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This paper draws on recent empirical evidence to look at how human capital policies in New Zealand can achieve “Inclusive Economy” objectives. In particular it looks at evidence on policies that are best to promote growth, and to improve the distribution of well-being; whether they are the same, and the extent to which they involve trade-offs.
Compared to other OECD countries, New Zealand appears to have relatively high rates of participation in tertiary education, and at least average performance on measures of achievement amongst school students. Nevertheless, in common with other English speaking countries, it tends to have a relatively wide dispersion of skills both amongst school students and in the working age population. There is some suggestion that New Zealand is not making as much progress as other countries (Australia in particular) in raising skills among the less able, in new generations of school leavers.
Taken over all, the paper suggests a two-pronged strategy. Firstly, policies should aim to increase the incidence of world-class tertiary education and research relevant to industry. Given already high levels of public and private investment in tertiary education, this should involve redesign of institutional and funding arrangements, rather than large amounts of extra public resources. Secondly, policies should aim to raise the skills of the less able entering the workforce. Interventions in early childhood and primary schooling are likely to be most effective in the long term – though, given the current large stock of low skilled adults, a continuing search for effective working-age interventions to address this will also be worthwhile.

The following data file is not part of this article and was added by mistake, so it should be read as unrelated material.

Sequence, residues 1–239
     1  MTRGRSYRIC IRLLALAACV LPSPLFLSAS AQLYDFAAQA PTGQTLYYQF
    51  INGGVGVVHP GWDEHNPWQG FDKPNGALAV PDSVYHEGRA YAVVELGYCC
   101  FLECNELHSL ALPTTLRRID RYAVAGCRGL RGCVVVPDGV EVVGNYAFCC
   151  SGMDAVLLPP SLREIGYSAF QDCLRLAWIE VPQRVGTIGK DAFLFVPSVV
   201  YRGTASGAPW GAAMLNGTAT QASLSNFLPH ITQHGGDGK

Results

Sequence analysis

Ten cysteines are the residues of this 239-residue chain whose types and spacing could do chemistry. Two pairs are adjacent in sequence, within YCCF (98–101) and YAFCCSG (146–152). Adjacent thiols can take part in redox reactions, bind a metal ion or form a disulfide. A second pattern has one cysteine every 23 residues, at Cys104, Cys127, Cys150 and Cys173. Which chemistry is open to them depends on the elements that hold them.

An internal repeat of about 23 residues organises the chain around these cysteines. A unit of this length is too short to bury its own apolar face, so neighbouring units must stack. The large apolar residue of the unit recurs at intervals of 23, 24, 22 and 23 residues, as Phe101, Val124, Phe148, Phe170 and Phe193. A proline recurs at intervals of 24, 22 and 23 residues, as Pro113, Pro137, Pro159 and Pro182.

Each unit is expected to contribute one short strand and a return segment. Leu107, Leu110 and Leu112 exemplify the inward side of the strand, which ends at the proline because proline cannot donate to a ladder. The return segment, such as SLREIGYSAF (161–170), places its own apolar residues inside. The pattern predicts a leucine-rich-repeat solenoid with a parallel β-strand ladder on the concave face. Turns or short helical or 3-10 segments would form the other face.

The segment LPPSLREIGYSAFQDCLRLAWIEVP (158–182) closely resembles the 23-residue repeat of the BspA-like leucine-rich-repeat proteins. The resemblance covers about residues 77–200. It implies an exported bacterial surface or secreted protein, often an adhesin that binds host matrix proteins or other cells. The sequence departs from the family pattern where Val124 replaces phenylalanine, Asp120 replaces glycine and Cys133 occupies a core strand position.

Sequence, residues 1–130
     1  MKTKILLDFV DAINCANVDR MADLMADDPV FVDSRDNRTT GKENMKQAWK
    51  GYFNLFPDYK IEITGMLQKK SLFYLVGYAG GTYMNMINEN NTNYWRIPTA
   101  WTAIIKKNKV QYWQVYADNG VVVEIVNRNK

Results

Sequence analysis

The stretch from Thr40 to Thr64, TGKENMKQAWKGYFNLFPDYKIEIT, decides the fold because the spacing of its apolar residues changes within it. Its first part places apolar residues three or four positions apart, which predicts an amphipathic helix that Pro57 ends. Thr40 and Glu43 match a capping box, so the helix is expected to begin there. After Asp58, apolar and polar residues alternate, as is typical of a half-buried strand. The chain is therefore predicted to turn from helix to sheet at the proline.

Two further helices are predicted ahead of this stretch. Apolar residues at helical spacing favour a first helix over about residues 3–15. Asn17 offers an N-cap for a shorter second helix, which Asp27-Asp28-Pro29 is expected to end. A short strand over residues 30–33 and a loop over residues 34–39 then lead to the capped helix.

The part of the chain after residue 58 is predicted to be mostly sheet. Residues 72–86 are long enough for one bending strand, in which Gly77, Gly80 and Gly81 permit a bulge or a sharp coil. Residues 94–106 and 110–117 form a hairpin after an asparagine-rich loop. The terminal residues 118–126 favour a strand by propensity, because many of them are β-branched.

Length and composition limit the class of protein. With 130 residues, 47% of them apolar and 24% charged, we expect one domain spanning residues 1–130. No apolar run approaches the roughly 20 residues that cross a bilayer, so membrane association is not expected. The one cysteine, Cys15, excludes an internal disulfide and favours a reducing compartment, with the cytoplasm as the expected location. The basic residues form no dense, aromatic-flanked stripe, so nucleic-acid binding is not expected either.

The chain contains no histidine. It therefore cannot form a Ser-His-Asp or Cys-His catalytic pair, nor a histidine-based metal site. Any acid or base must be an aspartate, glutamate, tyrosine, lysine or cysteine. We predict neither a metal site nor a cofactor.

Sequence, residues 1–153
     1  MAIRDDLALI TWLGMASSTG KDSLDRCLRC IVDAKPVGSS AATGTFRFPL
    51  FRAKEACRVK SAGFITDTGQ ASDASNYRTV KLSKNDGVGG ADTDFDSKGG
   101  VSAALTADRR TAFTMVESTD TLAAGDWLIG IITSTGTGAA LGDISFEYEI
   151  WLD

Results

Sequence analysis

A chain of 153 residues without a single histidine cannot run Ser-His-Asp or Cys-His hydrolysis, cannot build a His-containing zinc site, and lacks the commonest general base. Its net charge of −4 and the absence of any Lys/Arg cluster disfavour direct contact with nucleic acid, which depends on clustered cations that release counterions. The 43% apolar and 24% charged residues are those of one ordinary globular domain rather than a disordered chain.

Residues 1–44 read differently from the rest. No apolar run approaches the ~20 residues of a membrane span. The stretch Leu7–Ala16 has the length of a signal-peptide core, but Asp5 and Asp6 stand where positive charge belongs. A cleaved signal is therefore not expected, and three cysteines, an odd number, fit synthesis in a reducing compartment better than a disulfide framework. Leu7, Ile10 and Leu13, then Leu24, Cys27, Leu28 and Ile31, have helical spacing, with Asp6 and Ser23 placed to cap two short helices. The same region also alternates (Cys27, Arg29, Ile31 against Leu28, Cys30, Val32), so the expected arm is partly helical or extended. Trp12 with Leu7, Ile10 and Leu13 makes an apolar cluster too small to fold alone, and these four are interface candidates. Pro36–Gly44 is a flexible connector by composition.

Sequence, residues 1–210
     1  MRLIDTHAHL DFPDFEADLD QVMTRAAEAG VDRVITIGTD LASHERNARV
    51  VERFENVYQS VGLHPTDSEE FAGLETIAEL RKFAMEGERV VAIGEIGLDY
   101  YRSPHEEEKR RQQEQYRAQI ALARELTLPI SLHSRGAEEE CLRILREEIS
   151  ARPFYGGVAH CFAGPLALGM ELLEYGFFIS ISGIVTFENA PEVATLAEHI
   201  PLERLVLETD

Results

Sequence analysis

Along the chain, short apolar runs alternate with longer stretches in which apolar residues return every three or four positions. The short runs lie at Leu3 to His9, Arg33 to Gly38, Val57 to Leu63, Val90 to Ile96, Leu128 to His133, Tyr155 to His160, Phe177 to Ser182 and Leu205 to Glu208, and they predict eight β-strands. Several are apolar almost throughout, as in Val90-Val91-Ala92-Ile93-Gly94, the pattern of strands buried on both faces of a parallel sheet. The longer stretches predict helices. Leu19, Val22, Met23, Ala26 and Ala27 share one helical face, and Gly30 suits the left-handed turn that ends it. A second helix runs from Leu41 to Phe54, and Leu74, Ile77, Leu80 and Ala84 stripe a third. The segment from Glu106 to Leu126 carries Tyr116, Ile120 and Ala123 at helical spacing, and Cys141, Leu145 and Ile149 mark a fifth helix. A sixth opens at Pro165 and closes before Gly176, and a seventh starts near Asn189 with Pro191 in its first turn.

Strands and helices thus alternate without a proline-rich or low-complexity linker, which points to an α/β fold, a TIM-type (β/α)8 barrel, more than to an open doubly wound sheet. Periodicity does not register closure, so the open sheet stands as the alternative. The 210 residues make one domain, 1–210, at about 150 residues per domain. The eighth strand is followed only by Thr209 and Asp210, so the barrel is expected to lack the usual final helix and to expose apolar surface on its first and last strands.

Table of Contents
- … but there is room to increase the number of world-class centres of research and teaching
- Part One Human Capital and Economic Growth
- Human capital and macro-economic growth - theory and empirics
- Part Two Human Capital Policies and the Distribution of Income
- Literacy and numeracy skills are particularly important for improving labour market outcomes of those in the bottom part of the distribution of skills
- Growth effects of New Zealand’s falling ranking in average years of education
- Quality of achievement
- … as recognised in many jurisdictions